Seen & Unseen: Contemporary Men’s Fashion & Social Inclusion

Seen & Unseen: Contemporary Men’s Fashion & Social Inclusion

Seen & Unseen: Contemporary Men's Fashion & Social Inclusion

Men’s fashion icon and 19th century London socialite George “Beau” Brummell once said, “If people turn to look at you on the street, you are not well dressed, but either too stiff, too tight, or too fashionable.” In more simple terms, Brummell believed that menswear should be so subdued and meticulous that it goes unnoticed.

Brummell’s call for invisibility suggested that men’s fashion should look masculine. Blue, grey, and black suits with crisp white shirts and dark ties were used by 19th and 20th century male leaders in Western societies to visually represent their power. Fast forward to current trends in menswear and we see a natural evolution that challenges those sartorial confines and the old ideals they represent. A new crop of retailers and fashion designers are responding to conservative movements like Brexit and the election of Donald Trump with a new-look masculinity.

Unfashionable Duo: Donald Trump and Boris Johnson

UK politician Boris Johnson, spearheader of Brexit, and US President Trump are two figureheads of this conservatism. Both used the fear of losing influence felt by white heterosexual men to help themselves assume roles of power. They ignore, however, that their views are increasingly out of step with a world that keeps diversifying. Both Johnson and Trump also wore the traditional masculine uniform of blue, grey, and black suits. Their biggest fashion risks came in the form of red ties and the tailoring of their suits revealed that they probably never visited Savile Row.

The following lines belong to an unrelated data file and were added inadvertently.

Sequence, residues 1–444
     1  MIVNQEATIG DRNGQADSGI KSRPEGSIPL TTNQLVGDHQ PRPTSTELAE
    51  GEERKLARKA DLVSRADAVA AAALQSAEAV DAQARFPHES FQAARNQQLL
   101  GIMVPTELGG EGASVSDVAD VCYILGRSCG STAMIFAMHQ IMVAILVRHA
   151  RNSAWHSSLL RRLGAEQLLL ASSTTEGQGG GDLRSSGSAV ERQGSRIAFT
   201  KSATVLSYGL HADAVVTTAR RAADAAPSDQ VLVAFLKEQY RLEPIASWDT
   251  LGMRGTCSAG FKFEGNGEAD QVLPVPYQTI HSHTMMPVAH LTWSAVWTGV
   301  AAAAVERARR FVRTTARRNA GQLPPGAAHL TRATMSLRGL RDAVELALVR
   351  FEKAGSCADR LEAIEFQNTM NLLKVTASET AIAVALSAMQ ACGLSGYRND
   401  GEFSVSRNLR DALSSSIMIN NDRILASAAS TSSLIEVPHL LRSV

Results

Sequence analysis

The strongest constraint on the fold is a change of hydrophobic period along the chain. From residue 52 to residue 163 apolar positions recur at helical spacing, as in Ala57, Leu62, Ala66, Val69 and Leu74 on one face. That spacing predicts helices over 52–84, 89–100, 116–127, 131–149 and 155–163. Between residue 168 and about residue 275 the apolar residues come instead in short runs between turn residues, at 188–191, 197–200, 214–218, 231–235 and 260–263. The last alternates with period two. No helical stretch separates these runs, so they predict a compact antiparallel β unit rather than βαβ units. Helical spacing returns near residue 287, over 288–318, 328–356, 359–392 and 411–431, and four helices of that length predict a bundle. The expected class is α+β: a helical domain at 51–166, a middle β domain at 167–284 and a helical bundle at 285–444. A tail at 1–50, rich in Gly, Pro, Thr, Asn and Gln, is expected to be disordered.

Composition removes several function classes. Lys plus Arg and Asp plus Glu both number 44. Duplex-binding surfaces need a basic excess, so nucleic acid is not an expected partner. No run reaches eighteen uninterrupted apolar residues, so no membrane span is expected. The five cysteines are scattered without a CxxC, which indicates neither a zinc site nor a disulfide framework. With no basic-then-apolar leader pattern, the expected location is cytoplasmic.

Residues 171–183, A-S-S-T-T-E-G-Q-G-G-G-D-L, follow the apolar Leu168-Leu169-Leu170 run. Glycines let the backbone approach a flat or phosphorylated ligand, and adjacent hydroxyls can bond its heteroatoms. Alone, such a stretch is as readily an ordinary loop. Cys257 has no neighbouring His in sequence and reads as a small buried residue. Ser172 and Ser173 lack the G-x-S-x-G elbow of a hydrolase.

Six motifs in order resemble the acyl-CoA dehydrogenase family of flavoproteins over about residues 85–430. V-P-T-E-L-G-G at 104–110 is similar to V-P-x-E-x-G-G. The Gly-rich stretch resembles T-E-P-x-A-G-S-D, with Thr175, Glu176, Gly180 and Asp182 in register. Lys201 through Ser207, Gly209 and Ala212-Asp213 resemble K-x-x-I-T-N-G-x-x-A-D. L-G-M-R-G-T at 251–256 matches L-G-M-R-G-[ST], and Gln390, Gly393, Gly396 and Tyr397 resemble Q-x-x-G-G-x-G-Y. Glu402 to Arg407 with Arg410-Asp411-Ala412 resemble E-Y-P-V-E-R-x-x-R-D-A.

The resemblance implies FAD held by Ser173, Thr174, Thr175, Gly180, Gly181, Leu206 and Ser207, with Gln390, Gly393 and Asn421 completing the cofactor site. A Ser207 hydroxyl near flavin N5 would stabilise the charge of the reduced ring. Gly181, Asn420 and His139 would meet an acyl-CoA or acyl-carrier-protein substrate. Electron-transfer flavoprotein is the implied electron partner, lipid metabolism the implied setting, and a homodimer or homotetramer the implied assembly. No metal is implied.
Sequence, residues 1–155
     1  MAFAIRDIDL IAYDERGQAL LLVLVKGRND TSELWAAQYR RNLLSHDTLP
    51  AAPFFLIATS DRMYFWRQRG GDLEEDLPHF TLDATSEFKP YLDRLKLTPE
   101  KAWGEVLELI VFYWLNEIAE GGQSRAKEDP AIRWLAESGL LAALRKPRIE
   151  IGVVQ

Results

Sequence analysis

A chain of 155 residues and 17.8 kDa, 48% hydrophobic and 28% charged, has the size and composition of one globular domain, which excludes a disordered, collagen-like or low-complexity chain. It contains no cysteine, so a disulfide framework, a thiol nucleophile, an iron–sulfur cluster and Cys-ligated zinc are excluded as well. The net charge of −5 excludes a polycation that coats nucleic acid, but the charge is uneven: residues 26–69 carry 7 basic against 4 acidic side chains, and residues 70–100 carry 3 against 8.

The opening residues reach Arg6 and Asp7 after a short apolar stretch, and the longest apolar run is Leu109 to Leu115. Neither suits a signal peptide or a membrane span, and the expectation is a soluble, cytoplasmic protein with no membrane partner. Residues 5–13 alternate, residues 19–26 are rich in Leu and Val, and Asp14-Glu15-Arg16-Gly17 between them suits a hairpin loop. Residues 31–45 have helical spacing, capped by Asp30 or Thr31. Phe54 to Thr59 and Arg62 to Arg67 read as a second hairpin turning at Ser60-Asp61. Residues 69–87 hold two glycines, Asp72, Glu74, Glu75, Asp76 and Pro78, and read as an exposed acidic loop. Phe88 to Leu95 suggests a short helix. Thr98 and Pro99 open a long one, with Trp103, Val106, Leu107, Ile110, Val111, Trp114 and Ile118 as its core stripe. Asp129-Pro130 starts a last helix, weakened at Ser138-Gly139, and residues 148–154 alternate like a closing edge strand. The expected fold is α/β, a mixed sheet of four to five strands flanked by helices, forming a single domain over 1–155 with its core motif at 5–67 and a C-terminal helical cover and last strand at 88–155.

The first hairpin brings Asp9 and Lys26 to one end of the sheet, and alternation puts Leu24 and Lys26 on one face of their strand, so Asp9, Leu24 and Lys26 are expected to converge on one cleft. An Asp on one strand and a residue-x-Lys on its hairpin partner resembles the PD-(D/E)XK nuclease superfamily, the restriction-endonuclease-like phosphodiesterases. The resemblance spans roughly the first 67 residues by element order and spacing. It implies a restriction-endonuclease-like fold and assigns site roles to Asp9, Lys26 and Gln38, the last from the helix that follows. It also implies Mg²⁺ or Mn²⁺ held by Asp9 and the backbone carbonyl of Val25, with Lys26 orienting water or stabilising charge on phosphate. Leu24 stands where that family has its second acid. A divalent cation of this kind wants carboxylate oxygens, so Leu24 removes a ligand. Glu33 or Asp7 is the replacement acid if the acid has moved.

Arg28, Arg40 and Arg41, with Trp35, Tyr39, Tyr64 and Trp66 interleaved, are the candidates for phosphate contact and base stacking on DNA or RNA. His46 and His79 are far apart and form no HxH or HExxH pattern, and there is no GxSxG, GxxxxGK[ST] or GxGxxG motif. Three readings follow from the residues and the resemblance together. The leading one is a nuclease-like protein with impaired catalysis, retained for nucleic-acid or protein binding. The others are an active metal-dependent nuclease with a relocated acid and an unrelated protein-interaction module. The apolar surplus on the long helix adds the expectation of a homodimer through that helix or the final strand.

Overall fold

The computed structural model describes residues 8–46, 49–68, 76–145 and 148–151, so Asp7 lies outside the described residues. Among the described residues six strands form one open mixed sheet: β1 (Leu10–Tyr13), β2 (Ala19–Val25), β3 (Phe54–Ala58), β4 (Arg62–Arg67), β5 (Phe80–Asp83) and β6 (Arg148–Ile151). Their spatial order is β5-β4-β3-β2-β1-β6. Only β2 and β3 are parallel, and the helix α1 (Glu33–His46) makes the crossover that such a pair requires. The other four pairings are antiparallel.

Grayson Perry, in The Descent of Man, notes that uniformity is a disguise for devious mismanagement. He argues, “[M]en who really want to camouflage themselves when getting up to nefarious activities wear a grey business suit….The business suit is the uniform of those who do the looking, the appraising. It rebuffs comment by its sheer ubiquity.” This fashion choice associated with power that men like Johnson and Trump make reflect their policies. But there’s hope in today’s male fashion trends for small-scale revolution.

Erdem X H&M – “The Secret Life of Flowers”, Campaign Film by Baz Luhrmann

These innovations borrow from the past and incorporate fresh styles and textures. They point the way toward an androgynous masculinity that suits our time. Erdem’s menswear line for H&M, having arrived in stores on 2nd November, follows the trend of blurring gender lines by incorporating floral patterns on its trousers, slip-on trainers, and jumpers. The most controversial piece in the collection, however, is the white ruffled shirt. Its ornamental collar is similar to that of an 18th Century ladies habit shirt, then worn by women under a petticoat, waistcoat, and jacket.

Zara’s embellished millennial pink slim fit trousers tagged with velvet stripes down the leg reference military wear and police uniform structure. References to authority, historically considered masculine, are balanced by feminine touches. Elsewhere, the collection incorporates nostalgic nods to early 20th century fashions. These include checkered plaid and corduroy Oxford Bag trousers, as well as reimagined palazzo pants, most famous for an association with 1940s Hollywood starlets like Katherine Hepburn. Floral patterns, bright colours, delicate fabrics, wide leg tailoring, and ruffled detailing are creating a new look for young male Brits and Americans.

The androgynous trend begins to satisfy what Grayson Perry calls a “need to reconfigure what it is to be masculine, so that men can handle an equal society.” Choosing peacock fashions is only a start if men want to do their parts in mending fractured societies. Clothes identify who we are and where we stand. I’m sorry to disappoint Beau Brummell, wherever he is, but it’s time for men to be seen.